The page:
1676; Westhoff's collections of solo violin music were published in 1682 and 1696; Johann Joseph Vilsmayr's Artificiosus Concentus pro Camera in 1715, and Johann Georg Pisendel's solo violin sonata was composed around 1716; and finally, Georg Philipp Telemann published 12 Fantasias for solo violin in 1735. The tradition of polyphonic violin writing was already well-developed in Germany, particularly by Biber, Johann Heinrich Schmelzer, and the composers of the so-called Dresden school Johann Jakob Walther and Westhoff.

Bach's Weimar and Cöthen periods were particularly suitable times for composition of secular music, for he worked as a court musician. Bach's cello and orchestral suites date from the Cöthen period, as well as the famous Brandenburg Concertos and many other well-known collections of instrumental music.

In the list of Bach's chamber works, the violin solos form part of a small group, as there is the supposed'libro secundo' of the 6 suites à Violoncello solo, with a single partita for flauto traverso solo, in A minor, placed directly after the cello suites in the Schmieder catalogue: BWV 1013. So there exist in all 13 varied sonatas and partitas in the'senza Basso' group. In both major manuscripts the important specification is written clearly: for violin/violoncello solo,'senza Basso accompagnato'. Bach himself underwrote the practice of Basso Continuo as the Fundament of Music, which was the common denominator in all artistic music in his time. A solo sonata for violin would naturally have the continuo players and parts implied, here Bach himself tells us that Basso Continuo does not apply.

The norm was set by Corelli's important solo sonatas of 1700 op. 5 which may have been accompanied in a variety of ways, but here the Basso Continuo is the natural accompaniment to the'solo' violin. Written is the bass line, with numbers and incidentals to point to desired harmonies that are to be worked out by the harpsichordist or lute player, to which a low register bowed or blown instrument can be added to double the left hand bass line. This was a given, the'senza Basso' pieces are the exception in that they challenge the player to realise various layers wherein some notes and patterns are the accompaniment of other parts, so that a polyphonic discourse is written into the music. Arpeggios over several strings, multiple stopping and opposing tonal ranges and particularly very deft bowing are exploited to the full to make all the voices speak from one bow and four strings, or five, or from a single flute.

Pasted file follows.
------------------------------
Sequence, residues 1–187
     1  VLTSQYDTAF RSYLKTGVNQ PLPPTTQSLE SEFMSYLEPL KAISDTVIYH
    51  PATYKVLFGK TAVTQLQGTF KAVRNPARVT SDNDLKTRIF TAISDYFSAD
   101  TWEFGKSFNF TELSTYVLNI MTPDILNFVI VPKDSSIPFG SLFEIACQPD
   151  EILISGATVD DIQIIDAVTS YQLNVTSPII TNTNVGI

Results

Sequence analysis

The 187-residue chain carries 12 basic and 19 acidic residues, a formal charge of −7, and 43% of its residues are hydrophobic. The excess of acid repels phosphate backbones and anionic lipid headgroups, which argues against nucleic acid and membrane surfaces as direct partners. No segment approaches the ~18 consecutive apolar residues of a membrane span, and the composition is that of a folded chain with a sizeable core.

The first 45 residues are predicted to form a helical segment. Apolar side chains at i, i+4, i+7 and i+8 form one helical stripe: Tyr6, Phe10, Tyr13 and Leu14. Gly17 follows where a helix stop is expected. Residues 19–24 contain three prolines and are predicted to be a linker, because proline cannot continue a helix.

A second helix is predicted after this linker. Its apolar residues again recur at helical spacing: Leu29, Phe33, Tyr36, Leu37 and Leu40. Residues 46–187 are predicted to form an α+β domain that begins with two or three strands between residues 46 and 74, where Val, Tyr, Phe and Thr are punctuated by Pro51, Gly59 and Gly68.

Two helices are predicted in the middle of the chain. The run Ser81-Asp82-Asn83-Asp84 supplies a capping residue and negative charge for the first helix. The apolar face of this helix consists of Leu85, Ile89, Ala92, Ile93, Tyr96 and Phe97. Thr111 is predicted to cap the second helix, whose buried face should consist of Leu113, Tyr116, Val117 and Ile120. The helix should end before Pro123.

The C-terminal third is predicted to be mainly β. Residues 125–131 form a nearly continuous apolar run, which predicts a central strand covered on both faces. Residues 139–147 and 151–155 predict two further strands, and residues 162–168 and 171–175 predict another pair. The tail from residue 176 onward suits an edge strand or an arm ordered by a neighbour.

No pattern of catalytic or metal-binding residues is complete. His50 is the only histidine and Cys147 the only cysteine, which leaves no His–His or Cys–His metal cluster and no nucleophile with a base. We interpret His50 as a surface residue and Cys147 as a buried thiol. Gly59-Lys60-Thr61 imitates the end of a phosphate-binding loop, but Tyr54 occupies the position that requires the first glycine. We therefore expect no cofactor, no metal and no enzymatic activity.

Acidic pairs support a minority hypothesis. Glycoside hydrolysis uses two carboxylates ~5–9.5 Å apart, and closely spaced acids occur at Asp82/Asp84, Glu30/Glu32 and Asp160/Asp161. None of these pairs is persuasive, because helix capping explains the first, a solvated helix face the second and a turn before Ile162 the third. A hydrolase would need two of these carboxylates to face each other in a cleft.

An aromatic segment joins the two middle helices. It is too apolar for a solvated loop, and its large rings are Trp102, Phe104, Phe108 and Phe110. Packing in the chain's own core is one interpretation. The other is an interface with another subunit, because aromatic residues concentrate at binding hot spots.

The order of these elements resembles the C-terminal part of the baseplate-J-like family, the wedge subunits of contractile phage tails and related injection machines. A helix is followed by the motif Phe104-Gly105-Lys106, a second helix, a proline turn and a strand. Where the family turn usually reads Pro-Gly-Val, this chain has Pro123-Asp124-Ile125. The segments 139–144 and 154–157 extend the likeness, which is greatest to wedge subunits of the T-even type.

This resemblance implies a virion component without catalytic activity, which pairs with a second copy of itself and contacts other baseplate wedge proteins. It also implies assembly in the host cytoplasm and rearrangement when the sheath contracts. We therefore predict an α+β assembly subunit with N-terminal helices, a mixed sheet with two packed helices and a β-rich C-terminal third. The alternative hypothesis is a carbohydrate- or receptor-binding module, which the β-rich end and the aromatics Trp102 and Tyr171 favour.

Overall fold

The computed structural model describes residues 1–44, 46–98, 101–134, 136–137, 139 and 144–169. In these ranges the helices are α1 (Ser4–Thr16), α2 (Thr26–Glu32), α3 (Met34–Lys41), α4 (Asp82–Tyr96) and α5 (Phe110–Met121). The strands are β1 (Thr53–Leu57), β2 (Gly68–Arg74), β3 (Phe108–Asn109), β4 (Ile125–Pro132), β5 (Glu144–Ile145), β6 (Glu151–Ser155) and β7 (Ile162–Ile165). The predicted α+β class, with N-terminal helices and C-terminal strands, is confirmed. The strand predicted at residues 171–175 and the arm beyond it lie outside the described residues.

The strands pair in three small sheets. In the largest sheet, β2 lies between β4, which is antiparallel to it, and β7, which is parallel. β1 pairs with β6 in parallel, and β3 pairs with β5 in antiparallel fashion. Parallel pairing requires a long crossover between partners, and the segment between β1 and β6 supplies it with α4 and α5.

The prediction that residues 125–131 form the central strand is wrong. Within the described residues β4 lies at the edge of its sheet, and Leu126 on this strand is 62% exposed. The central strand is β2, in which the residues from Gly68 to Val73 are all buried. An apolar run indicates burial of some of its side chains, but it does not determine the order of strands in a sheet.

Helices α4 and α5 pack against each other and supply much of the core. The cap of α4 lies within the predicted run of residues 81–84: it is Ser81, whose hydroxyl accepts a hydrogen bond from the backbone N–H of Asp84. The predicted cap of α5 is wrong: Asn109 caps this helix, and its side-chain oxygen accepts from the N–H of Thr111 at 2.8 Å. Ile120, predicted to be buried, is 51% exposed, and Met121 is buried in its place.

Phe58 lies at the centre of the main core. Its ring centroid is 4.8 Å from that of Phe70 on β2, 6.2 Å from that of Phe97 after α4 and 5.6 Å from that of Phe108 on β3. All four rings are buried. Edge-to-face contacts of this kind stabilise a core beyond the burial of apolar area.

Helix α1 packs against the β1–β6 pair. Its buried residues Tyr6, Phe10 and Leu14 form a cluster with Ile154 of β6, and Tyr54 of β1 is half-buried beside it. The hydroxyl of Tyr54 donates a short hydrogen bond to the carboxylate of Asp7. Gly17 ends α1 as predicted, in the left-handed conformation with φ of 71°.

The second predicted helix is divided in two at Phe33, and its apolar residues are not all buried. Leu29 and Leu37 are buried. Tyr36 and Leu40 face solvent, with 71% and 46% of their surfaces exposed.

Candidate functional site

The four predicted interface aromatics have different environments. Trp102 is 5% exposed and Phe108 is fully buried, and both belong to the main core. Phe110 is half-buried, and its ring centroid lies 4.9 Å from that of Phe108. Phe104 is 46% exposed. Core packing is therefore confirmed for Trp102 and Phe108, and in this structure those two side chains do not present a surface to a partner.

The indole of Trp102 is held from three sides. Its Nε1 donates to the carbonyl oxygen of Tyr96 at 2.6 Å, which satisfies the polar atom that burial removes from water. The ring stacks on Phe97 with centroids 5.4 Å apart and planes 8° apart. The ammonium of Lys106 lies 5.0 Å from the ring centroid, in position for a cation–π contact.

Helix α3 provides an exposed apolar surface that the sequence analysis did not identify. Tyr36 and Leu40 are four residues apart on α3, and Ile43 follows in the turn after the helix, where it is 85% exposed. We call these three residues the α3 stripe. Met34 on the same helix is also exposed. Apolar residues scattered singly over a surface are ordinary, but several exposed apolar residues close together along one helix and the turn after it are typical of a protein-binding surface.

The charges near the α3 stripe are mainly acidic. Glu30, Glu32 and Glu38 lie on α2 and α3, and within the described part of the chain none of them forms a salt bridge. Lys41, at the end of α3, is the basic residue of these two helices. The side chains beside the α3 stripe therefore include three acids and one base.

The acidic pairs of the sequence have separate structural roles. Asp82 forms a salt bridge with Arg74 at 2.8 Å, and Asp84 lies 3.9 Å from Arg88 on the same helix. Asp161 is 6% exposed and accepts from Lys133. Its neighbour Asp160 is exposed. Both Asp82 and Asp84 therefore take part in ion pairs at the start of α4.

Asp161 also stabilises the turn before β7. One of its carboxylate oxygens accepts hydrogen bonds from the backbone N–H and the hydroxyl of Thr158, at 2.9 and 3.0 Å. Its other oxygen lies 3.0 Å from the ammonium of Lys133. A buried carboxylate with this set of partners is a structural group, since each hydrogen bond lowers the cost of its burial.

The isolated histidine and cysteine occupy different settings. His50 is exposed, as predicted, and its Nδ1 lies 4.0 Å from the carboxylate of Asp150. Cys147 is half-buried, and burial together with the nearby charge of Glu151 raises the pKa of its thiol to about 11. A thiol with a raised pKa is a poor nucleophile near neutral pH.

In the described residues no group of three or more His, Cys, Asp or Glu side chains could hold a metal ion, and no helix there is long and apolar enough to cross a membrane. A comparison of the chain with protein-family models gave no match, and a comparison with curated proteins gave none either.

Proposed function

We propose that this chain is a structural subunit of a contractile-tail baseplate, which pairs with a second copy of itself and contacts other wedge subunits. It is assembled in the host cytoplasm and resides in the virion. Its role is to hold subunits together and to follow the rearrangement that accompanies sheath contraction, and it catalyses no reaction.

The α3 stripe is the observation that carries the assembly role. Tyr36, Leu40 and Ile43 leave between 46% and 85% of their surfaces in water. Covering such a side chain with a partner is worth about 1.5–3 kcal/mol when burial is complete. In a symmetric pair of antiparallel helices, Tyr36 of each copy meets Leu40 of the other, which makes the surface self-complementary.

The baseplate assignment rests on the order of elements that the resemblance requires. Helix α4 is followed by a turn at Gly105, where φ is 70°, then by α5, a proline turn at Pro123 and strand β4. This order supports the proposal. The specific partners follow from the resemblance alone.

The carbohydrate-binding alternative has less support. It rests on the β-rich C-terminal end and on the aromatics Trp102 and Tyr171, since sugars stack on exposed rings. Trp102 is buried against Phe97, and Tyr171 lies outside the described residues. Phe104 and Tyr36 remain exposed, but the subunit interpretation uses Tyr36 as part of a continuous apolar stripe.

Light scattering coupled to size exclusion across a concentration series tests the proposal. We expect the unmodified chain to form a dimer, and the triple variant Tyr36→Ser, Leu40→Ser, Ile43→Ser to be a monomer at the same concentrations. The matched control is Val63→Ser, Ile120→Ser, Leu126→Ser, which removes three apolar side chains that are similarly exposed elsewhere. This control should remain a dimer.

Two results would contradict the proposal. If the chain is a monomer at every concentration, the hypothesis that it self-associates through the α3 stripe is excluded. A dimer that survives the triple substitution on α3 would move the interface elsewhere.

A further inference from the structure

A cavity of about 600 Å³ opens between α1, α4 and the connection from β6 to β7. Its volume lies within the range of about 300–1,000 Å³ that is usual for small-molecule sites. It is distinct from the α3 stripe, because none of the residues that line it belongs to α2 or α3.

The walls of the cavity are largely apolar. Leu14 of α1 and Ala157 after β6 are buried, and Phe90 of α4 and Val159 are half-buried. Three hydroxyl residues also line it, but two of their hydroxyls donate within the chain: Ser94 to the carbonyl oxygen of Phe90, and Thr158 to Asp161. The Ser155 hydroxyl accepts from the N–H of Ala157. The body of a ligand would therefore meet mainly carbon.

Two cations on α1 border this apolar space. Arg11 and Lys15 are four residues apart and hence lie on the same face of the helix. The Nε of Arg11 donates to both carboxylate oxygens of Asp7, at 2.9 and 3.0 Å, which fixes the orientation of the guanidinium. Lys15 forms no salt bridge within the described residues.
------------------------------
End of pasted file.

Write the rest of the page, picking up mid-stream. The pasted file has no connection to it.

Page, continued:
The sonatas each consist of four movements, in the typical slow-fast-slow-fast pattern of the sonata da chiesa. The first two movements of each sonata are a prelude and a fugue. The third (slow) movement is lyrical, while the final movement shares the similar musical structure as a typical binary suite movement.

Unlike the sonatas, the partitas are of more unorthodox design. Although still making use of the usual baroque style of allemande, courante, sarabande, and gigue, with some omissions and the addition of galanteries, new elements were introduced into each partita to provide variety.

Wolfgang Marschner (23 May 1926 24 March 2020) was a German violinist, teacher of violin, composer and conductor. He was concertmaster of the WDR Sinfonieorchester Köln, and instrumental in world premieres of contemporary music. He was professor at the Folkwang-Hochschule Essen, the Musikhochschule Köln, the Tokyo University of Fine Arts and Music and, for more than three decades, at the Hochschule für Musik Freiburg. He also taught at the Darmstädter Ferienkurse.

Marschner was born in Dresden in 1926. He came from an old musical family, whose most famous representative was the opera composer Heinrich Marschner.